And away we go with another edition of lovable, huggable Four Topps! I guess Random.org was getting antsy, because the site responsible for generating the card number for this feature pulled out the TaylorMade driver for this one. As you can deduce from the image above, we get to dissect card no. 590 for today's experiment. And, if you know the history of Topps cards, you know that the card numbers ending in a zero are reserved for the guys who drive Cadillacs.
Sooo... Let's see what we've got!
Before he became a cancer in the Mets clubhouse in the early '90s, Vice Coleman was emblematic of Whitey Herzog's Runnin' Redbirds teams of the '80s. They don't make base stealers like Vince or Rickey anymore, that's for sure. Topps kept it simple for VC's 1987 card, but it's still got a cool vibe to it. Hey, Stat Man: Coleman topped 100 steals for a second straight season in '86 with 107
While card no. 590 represented elite speed in 1987, it was all about brute strength in '88. He was sometimes Jorge and other times George during the '80s, but however you spelled his first name, Bell was a bad man with the bat. This card might receive a slight point deduction for the mesh BP jersey, but he gets double points back for the "one batting glove" look. And don't even get me started on that sick Jheri curl. Hey, Stat Man: Bell terrorized the AL in 1987, racking up 47 home runs and 134 RBIs en route to his first and only MVP award.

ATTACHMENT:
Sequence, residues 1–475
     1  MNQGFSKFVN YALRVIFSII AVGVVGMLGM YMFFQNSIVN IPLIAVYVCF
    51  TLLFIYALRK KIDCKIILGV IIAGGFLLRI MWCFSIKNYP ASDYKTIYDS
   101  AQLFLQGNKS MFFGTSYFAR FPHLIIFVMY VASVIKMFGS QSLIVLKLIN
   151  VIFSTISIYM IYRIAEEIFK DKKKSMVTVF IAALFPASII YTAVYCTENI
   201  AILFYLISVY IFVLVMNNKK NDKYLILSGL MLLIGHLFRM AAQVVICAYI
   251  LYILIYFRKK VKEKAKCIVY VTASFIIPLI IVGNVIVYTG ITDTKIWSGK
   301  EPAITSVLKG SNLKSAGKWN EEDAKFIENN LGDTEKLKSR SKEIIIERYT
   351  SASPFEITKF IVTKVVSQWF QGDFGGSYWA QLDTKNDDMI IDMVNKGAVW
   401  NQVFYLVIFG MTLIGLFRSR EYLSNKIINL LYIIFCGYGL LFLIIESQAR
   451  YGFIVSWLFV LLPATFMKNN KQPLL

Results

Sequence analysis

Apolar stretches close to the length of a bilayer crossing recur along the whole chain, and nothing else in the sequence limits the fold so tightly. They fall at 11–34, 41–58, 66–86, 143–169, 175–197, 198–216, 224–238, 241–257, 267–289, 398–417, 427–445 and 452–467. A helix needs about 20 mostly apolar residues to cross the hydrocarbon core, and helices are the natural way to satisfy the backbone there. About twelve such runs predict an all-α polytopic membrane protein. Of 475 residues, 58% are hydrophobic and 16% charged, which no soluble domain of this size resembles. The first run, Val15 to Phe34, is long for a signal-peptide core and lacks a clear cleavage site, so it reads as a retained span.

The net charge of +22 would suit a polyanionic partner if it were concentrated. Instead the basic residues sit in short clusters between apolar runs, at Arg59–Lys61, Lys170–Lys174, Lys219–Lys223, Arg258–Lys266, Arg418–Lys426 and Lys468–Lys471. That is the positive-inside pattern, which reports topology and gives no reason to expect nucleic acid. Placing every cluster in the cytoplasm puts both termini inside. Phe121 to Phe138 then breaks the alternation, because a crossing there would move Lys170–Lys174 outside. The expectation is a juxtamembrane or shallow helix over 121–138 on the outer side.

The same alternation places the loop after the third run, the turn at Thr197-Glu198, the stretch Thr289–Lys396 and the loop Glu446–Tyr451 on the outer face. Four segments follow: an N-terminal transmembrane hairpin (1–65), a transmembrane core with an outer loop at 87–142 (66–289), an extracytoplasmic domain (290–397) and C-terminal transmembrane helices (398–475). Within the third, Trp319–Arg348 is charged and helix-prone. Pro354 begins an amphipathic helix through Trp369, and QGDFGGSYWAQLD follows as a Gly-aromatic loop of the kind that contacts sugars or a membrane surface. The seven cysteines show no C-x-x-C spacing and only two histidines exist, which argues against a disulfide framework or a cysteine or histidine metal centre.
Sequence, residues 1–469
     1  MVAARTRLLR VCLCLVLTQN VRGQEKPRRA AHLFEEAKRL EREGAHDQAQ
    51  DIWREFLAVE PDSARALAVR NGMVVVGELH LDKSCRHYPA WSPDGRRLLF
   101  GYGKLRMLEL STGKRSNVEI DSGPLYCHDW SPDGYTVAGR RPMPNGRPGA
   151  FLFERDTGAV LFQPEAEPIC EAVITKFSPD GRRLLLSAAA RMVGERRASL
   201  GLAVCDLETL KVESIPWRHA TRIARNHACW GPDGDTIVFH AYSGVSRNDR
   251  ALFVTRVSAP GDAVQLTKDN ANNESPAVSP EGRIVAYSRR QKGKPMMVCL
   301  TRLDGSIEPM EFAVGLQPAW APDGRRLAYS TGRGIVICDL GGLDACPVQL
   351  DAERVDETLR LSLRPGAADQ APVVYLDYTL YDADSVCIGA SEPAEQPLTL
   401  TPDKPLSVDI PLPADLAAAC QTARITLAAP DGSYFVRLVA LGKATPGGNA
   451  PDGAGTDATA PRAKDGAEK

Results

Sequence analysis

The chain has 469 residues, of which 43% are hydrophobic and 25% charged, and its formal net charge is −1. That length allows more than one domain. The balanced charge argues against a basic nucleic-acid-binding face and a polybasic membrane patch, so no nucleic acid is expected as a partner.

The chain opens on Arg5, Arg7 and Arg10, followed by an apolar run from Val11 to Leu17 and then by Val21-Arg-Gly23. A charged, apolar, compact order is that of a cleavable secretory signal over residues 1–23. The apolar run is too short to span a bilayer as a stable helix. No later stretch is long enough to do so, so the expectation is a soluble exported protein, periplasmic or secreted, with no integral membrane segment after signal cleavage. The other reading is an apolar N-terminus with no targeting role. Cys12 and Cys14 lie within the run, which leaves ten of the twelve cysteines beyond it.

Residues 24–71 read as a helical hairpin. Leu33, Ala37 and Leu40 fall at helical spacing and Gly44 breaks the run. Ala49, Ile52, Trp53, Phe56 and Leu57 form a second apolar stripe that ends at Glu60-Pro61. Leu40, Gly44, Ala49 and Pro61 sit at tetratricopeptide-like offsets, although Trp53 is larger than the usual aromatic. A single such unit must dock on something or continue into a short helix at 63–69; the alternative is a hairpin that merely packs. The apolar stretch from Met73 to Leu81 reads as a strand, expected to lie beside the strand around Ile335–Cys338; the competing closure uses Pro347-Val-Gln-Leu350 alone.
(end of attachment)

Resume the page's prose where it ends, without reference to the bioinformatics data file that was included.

Topps kept card no. 590 north of the border in 1989, albeit in a different province. While the Big Cat might not fully give George Bell a run for his money in the hair category, Andres sweeps the board in the overall style department. The powder blue jersey and tri-color cap of the Expos ensemble are outstanding, as always, and a couple swipes of eye black complete the look. And I've always been partial to Montreal's color scheme on the '89 Topps cards. Hey, Stat Man: Selected to his first All-Star Game and captured the Silver Slugger for the Expos in 1988.
The Canadian spell was broken in 1990 thanks to a Wizard (of course!). The second Cardinal to occupy the 590 spot in a four year span is also perhaps the most iconic of his era. Ozzie Smith will always be remembered for his mastery of the shortstop position, but I can't help but also think about the flapless batting helmet every time I hear his name. This card gets bonus points for the Wrigley bricks in the background. Hey, Stat Man: Established a career high with 8 triples for the Cards in 1989.
And the Winner Is: Boy, this is a tough call. A great batch of cards! My first instinct was to hand the gold medal to Ozzie, but after further consideration the bouquet goes to the '88 George Bell. Yes, the Jheri curl played a role, but more so the man's monster '87 season was a sufficient tie-breaker.
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